Ontario School Bus and Transit Bus Accidents: Who’s at Fault?

 Every fall, 800 000 Ontario students once again start taking the bus to school every day – and that’s not counting the large number who use public transit to get there.

With that many buses on the road, it would be impossible for everyone to get though the year without some bumps and bruises – or, in some cases, more serious injuries.

According to statistics gathered by Ontario’s Ministry of Transportation (MTO) and displayed at their helpful online School Bus Safety Resource Guide. Over the course of the Ministry’s five-year school bus accident study (conducted between 1990 and 1995), a typical Ontario school year saw more than 1000 road collisions involving school buses. More than 100 – and sometimes even more than 200 – students were injured, per year, were injured while inside school vehicles.

Similar sorts of injuries can occur on both school buses and public transit buses. The driver might stop suddenly, causing riders to fall forward and hurt themselves. Horseplay on the bus, allowed to continue by a negligent driver, might result in a child hitting his head and becoming injured. If any bus is involved in a collision, that jarring impact is likely to injure the bus’s occupants.

If you or your child is involved with an accident while riding a school or public transit vehicle, you are probably not the ones at fault. A number of parties are responsible, and depending on the circumstances of the injury, may be obligated under law to provide compensation:

  • Government bodies (MTO, Transport Canada, etc.) are responsible for putting appropriate safety guidelines in place. MTO is responsible for deploying new safety equipment and ensuring that school buses are properly equipped with it.
  • School boards and their transportation officials are responsible for administering and monitoring school transportation plans. This includes identifying safety issues and adjusting transportation policies accordingly.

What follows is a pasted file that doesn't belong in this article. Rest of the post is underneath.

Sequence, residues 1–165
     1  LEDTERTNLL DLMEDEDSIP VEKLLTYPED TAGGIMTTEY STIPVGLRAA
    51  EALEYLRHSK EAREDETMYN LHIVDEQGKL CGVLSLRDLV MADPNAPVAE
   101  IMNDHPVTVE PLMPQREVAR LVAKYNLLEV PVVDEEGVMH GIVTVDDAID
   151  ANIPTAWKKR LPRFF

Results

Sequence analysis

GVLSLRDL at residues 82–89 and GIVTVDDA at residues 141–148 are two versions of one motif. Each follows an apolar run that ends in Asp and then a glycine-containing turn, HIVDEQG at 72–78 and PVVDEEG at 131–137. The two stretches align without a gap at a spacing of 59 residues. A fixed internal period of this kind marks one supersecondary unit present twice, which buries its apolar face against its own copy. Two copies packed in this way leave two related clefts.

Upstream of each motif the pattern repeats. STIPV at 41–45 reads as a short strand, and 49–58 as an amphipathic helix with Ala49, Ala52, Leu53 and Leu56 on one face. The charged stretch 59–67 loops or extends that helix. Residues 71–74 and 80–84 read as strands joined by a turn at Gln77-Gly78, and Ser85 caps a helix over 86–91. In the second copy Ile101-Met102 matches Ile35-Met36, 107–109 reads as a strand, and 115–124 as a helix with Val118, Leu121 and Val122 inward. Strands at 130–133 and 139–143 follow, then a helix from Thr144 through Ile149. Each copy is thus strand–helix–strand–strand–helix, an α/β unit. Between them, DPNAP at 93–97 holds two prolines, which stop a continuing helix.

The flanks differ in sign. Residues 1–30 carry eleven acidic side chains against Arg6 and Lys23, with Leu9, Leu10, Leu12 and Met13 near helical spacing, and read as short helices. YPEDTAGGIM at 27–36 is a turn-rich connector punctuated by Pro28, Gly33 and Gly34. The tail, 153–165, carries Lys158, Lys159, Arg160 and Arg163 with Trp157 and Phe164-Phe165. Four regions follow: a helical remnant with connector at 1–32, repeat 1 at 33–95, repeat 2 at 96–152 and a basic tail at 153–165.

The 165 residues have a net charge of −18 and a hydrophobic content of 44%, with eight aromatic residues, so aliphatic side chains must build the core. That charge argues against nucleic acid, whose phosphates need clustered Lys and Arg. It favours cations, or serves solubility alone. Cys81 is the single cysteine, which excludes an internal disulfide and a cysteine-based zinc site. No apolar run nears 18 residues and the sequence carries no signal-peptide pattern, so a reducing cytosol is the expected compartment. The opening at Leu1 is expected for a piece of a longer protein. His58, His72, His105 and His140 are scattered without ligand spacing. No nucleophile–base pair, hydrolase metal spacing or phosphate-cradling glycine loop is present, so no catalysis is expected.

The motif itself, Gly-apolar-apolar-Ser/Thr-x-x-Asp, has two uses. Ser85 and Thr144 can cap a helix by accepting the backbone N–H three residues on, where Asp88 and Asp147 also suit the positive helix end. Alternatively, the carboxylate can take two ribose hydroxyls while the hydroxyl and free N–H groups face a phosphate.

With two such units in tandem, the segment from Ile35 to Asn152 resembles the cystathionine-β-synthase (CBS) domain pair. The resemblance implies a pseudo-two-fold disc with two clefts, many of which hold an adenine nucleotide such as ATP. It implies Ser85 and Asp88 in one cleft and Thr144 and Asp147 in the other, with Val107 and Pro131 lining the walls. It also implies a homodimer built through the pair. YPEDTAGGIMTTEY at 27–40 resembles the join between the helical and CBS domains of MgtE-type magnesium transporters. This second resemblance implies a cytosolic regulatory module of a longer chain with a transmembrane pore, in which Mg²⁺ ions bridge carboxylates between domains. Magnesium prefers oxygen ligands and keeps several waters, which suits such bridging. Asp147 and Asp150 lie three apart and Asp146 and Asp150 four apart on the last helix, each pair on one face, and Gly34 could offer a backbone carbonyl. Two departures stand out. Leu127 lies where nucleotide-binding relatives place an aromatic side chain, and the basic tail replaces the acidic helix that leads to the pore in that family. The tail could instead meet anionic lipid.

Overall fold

• All bus operators are required to adhere to the Highway Traffic Act and the Public Vehicles Act, following all the safety regulations found in those acts. School bus drivers have an added responsibility: they must ensure safe daily operation of the school bus, including frequent inspections of the bus.
  • Other motorists must obey traffic laws, particularly in dealing with school buses. If they don’t, they could be liable.

Parents are also responsible for educating themselves and their children about bus safety. In the Ottawa area, the Ottawa Student Transportation Authority offers free bus safety materials. They also present educational classes at the start of each school year, for both parents and students.

One of the best ways you can prevent school bus injuries is to be a smart motorist. Stop at least 20 meters away from a stopped school bus, and stay there until it has finished loading. Trying to pass any kind of bus is unsafe – remember that our children’s safety is up to all of us.

If you or your child has been involved in a bus accident – whether it was a school or public transit vehicle – and you’d like more information, contact the Ottawa injury lawyers at Auger Hollingsworth by email [email protected] or telephone 613 233-4529.

About the Author: Brenda Hollingsworth

Brenda Hollingsworth co-founded Ottawa’s Auger Hollingsworth in 2005 with her husband Richard Auger. Together, their mission was to create a personal injury law firm for Eastern Ontario that is unrivalled in the province for customer service and legal expertise. Brenda was named an Ottawa Business Journal Forty Under 40 award recipient and took home the Women’s Business Network’s Businesswoman of the Year award in the Professional category. She was also recognized as one of Ottawa Life Magazine’s “Top 50 People in the Capital.” She is often quoted as an expert and has appeared in media outlets such as CTV, The Globe and Mail, National Post, Ottawa Citizen, Sun Media, CBC, Toronto Star, Montreal Gazette, CFRA and many legal publications.

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